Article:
Analysis. Lesson aim: To understand what good analysis looks like To develop our own writing To evaluate areas for improvement. How do you turn this…. Into this…. The analysis. AOs. Analysis pyramid (plus tail)- for each point in your plan….
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To understand what good analysis looks like
To develop our own writing
To evaluate areas for improvement
Point- What point are you making to answer the question?
2. Language analysis (AO2)
3. Structural analysis (AO2)
4. Formal analysis (AO2)
5. Thematic analysis (AO2)
6. Contextual/comparative analysis (AO3/4)
7. Link back to question/argument (AO1)
Point- What element of the text are you using to support your argument/response to the question?
Meaning- Link back to question
The worst feature of dystopian worlds is their attempt to destroy individuality. To what extent do the dystopian texts you’ve studied conform to this theory?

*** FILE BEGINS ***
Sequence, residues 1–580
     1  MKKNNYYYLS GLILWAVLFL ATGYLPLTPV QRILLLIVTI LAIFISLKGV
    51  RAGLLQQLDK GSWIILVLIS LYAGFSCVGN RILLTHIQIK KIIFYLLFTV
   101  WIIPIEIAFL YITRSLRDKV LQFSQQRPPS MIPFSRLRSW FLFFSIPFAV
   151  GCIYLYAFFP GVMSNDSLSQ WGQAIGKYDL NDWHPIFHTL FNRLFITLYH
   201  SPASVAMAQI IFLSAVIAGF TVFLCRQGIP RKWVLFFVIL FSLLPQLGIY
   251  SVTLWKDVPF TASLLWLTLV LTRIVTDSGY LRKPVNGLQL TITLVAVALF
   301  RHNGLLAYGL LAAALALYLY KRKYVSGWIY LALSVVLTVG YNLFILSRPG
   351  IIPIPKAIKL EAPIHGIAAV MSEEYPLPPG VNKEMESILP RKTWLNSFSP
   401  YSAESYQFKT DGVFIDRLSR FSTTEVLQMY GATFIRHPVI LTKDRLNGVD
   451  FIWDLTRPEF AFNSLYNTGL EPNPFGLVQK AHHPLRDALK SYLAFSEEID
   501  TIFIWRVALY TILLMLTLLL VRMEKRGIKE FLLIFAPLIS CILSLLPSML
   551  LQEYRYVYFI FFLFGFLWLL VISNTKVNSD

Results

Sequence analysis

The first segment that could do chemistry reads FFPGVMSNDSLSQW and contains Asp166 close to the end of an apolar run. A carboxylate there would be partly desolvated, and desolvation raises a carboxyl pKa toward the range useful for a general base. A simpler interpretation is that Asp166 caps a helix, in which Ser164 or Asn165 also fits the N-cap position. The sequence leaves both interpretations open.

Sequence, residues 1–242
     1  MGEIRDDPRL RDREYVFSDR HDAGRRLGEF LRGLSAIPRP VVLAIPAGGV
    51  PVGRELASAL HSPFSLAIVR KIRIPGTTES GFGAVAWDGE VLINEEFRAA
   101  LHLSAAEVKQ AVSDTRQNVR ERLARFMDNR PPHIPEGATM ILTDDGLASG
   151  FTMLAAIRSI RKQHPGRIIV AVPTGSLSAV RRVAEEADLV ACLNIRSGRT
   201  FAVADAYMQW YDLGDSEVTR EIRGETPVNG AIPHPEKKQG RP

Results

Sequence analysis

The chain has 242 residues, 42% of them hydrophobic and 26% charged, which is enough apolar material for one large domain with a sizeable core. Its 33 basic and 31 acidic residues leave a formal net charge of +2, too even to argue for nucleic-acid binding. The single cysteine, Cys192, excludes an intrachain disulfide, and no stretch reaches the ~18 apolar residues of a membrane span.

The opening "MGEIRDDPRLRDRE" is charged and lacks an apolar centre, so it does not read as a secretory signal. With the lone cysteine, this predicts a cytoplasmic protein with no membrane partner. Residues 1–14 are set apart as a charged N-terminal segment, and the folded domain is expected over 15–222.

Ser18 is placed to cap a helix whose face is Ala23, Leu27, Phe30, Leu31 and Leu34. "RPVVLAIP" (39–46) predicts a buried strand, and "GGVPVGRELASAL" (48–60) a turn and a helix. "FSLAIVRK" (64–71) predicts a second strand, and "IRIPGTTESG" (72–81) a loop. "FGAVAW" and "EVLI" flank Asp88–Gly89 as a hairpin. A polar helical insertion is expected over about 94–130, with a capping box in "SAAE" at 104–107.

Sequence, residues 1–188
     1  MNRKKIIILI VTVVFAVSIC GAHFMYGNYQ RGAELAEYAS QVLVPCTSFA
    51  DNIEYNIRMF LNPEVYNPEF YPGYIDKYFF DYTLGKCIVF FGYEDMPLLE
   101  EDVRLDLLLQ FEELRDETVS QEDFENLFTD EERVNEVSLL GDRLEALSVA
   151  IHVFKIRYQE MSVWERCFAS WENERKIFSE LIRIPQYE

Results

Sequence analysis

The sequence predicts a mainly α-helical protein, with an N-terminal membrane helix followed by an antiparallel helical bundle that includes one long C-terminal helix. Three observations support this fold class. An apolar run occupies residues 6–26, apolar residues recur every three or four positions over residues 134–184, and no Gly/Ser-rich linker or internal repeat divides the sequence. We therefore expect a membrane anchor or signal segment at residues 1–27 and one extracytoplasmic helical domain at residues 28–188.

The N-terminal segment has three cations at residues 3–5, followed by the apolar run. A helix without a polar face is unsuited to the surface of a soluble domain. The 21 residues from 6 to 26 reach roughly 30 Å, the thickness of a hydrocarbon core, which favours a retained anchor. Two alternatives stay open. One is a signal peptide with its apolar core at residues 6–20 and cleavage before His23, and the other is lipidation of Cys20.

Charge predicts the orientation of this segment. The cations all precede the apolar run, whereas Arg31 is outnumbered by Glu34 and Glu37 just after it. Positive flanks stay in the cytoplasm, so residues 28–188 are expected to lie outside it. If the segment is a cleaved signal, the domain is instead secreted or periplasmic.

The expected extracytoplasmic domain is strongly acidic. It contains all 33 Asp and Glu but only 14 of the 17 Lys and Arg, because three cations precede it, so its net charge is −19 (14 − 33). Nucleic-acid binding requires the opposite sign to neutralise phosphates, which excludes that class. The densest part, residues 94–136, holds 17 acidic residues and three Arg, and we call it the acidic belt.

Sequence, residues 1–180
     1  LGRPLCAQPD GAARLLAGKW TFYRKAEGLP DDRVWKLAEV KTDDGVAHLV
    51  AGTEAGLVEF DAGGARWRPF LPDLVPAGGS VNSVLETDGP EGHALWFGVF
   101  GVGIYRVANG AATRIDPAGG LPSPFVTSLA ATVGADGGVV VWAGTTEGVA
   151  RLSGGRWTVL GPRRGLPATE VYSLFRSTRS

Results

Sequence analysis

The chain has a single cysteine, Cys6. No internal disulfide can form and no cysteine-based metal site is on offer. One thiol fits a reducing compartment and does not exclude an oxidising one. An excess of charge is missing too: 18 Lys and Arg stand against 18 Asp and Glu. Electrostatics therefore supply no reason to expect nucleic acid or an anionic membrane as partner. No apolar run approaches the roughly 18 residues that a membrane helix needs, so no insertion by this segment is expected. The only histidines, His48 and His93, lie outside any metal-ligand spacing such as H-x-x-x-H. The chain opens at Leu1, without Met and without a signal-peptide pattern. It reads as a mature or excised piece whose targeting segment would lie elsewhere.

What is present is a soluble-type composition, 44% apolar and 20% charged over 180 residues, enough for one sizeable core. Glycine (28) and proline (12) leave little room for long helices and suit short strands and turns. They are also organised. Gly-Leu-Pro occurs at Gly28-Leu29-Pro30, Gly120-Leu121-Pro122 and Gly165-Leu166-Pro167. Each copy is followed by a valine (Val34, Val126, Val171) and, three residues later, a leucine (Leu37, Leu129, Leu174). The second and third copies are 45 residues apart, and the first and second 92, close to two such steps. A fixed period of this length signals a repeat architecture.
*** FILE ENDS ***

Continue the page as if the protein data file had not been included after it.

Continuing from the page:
The central, arguably the only feature of a dystopian world is that there is a drive towards the annihilation of the individual spirit. We can see this in The Handmaid’s Tale where Offred is desperate concerned with her own name as a remnant of her individuality. The name ‘Of-fred’ objectifies her, making her merely a possession of another, instead she longs for the identity of her previous name; “I want to be held and told my name. I want to be valued, in ways that I am not; I want to be more than valuable. I repeat my former name, remind myself of what I once could do, how others saw me. “ The repetition of the personal pronoun ‘I’ reaffirms Offred as an individual with a discreet identity. Atwood distinguishes between the words ‘valued’ , to indicate the inherent value as an individual that Offred felt prior to the Gileadean regime, and ‘valuable’, suggesting she is now merely seen as a commodity, only having value in terms of what she can be used for. Ironically by creating a dystopia which is articulated through a 1st person narrative perspective, Atwood triumphs the importance of the individual in the world, directly undermining the oppression of the Dystopian regime. Atwood was writing a distinctly feminine dystopia in response to the backlash against second wave feminism that was taking place in the USA in the 1980s. She was concerned about triumphing the rights of the individual and specifically the rights of individual women who in her contemporary society she saw to be widely objectified and ignored, much like Offred. As the author explains herself ‘I wanted to try a dystopia from the female point of view – the world according to Julia, as it were’. Ray Bradbury’s dystopian world is also concerned with the importance of the individual, however he explores this idea through the importance of the individual's freedom of thought. By restricting access to literature and overwhelming citizens with light entertainment, the powers-that-be in Bradbury’s novel restrict the freedom of individual thought by removing the very opportunities that create it. Montag slowly realises that the most important thing is to have free will and make decisions as an individual. He says to Faber "I don't want to change sides and just be told what to do. There's no reason to change if I do that." Even though Faber’s point of view is clearly preferred by Bradbury to that of Mildred or Beatty, he is emphasising the necessity for each individual to make his own decisions. Indeed this is the very thing a dystopian novel allows a writer to do, explore ideas and perspectives without enforcing the same oppression of thought on their readers that they are warning against. Bradbury was writing at the time of increased censorship of the media in the USA in response to the cold war and McCarthyism. He is reminding readers of the dangers of blind acceptance of the regime’s restriction of what we are allowed to know or think. As the preface to the novel says he is asking us to ‘write the other way’ when given ‘ruled paper’. In Brave New World, Huxley is also desperately concerned with the risks of the suppression of the individual. In Huxley’s dystopia genetic modification and eugenics has reached the point that members of society are limited in their actions from the moment they are born. A combination of genetic determinism and conditioning means that people are incapable of independence. When Lenina is asked “But wouldn't you like to be free to be happy in some other way, Lenina? In your own way, for example; not in everybody else's way.“ her response is “I don’t know what you mean”. Huxley is questioning whether being happy in ‘everybody else’s way is true happiness, or, in fact, we need to be happy in our own, individual way. Huxley, like Atwood and Bradbury questions what the true definition of happiness is and the unanimous conclusion seems to be that happiness is something that we choose as an individual rather than something that is imposed on us. As such these writer’s make the loss of individuality the most devastating element of their dystopias as they see it as the defining feature of humanity.
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